What happens when your claims regarding small or home-based business expenses on IRS Form 1040 Schedule C, Profit or Loss from Business (Sole Proprietorship) are disallowed? The Internal Revenue Service (IRS) has guidelines that determine whether or not a business activity is carried on for profit. Rulings fundamentally rest on a determination whether or not business activity has been profitable in three of the last five (or the special case; two out of the last seven) tax years (including the current year) reported. If your business fails the "three-years-of-profit" test, the IRS applies Internal Revenue Code (IRC) Section 183 (Activities Not Engaged in for Profit), also known as the " hobby loss rule ". When your activities are viewed as a hobby rather than a for-profit business, tax claims reported on the 1040 Schedule C are disallowed, but not forgotten! All income previously reported on Schedule C is now reported as a write-in entry "hobby income" on Form 1040 Line 21, Other Income. Unlike business losses that are subtracted from any reported business income, hobby "losses" can only be reported as an Itemized Deduction on Line 23, IRS Form 1040 Schedule A under Certain Miscellaneous Deductions. This category of deductions is subject to a 2% threshold based on the adjusted gross income (AGI). If a taxpayer does not itemize their deductions, these previously legitimate losses will be lost leaving all the income subject to income tax rates.
The fact that the expenses, associated with "hobby" -related activities, are now reported only if the taxpayer chooses to itemize deductions and then, subject to the 2% -of-AGI limitation, is only half the story! Like gambling income, all hobby expenses are limited by the total amount of hobby income reported on Form 1040 Line 21. Furthermore, expenses can only be deducted in a specific order from the reported income. The first category to be deducted from the income relates to home mortgage interest and real estate taxes especially if your hobby requires physical space. After these expenses are applied to the reported income, deductions for advertising, utilities, insurance premiums, and operation-related costs can be deducted. Finally, if any amount of hobby income remains, depreciation and amortization of property can be applied. When only part of the depreciation expense can be applied to the remaining reported income, it is allocated across all depreciable assets involved with the hobby.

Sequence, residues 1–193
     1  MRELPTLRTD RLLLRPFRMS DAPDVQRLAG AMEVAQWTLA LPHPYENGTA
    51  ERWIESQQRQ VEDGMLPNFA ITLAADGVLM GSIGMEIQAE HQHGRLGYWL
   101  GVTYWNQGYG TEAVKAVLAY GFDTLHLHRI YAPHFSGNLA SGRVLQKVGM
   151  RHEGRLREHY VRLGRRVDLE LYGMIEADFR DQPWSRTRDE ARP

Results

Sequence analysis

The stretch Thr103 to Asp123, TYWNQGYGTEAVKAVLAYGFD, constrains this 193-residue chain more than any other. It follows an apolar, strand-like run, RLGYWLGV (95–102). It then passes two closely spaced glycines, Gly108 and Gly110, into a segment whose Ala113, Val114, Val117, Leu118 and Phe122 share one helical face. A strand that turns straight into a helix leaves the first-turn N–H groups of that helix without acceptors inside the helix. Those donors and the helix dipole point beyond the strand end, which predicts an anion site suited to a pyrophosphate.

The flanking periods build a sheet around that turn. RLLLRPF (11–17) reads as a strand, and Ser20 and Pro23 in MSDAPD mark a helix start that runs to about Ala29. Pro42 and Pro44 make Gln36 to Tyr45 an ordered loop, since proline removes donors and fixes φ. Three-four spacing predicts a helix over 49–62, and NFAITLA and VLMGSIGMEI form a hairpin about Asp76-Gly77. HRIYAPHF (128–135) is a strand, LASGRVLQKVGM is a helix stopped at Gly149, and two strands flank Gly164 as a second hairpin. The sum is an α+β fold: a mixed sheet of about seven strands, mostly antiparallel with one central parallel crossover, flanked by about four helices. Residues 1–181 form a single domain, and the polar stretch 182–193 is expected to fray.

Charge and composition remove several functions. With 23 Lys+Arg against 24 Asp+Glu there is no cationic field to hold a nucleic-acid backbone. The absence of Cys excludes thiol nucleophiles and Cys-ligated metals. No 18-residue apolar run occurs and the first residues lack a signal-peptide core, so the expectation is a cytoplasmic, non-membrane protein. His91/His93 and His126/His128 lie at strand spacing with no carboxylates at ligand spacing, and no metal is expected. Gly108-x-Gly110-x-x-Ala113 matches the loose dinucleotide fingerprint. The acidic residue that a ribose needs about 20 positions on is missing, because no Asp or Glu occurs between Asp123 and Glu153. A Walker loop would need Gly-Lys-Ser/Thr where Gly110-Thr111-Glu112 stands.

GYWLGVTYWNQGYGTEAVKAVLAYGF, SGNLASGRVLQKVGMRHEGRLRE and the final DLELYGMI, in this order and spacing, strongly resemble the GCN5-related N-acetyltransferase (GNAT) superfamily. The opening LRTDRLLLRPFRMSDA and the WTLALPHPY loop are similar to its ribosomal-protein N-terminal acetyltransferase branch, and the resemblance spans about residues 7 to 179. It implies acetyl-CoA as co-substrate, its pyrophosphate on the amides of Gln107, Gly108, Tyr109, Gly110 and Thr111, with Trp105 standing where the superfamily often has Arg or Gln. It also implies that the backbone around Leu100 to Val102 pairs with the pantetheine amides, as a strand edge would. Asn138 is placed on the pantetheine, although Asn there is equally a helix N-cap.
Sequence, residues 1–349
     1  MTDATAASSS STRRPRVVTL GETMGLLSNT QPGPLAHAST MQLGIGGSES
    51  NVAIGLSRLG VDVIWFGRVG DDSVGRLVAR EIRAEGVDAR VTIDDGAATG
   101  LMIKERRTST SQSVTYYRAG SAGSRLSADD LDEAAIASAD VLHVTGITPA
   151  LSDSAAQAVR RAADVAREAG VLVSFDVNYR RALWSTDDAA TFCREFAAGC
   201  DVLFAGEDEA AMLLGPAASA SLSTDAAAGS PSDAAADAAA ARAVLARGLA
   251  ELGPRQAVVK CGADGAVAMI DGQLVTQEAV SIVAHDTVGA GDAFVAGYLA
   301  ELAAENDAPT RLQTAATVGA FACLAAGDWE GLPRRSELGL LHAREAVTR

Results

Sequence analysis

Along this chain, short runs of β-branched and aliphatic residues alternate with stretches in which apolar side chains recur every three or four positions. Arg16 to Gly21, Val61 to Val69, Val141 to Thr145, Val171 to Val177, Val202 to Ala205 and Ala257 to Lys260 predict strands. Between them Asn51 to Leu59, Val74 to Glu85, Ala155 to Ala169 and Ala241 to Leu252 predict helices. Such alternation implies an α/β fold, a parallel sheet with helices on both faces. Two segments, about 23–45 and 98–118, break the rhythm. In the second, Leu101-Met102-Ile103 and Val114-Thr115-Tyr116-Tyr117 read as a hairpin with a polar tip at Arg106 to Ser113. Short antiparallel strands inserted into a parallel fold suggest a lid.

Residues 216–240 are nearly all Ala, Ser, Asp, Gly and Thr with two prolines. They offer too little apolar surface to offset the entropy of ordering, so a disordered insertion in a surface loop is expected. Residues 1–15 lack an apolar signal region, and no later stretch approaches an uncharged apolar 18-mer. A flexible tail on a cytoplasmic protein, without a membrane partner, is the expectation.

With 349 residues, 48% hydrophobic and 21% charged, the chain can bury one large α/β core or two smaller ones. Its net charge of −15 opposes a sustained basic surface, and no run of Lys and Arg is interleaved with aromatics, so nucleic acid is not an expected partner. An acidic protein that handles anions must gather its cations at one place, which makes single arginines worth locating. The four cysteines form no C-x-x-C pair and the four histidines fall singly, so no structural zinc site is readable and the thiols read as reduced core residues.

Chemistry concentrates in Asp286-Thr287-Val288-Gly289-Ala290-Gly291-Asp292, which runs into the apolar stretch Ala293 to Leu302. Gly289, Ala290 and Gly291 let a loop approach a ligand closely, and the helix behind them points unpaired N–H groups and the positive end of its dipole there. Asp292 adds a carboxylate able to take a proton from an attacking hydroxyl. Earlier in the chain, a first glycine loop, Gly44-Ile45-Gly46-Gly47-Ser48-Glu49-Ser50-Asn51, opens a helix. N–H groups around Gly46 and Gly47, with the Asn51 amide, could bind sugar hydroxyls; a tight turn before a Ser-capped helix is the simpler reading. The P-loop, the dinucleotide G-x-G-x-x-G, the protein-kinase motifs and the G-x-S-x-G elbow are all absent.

Do you have a record of profitable past performance and believe you are just in a business cycle slump? If you receive a notice from the IRS that raises the question of profit motive because of the "three-years-of-profit" guideline, you have 60 days to file IRS Form 5213, Election to Postpone Determination as To Whether the Presumption Applies That an Activity Is Engaged in for Profit. Best practices suggest that you should file this request only in response to correspondence from the IRS rather than as a proactive measure. Seek professional advice especially regarding the timing of any tax-related filings with the IRS. Pay for professional advice especially when filing income taxes; don't be penny-wise and pound-foolish!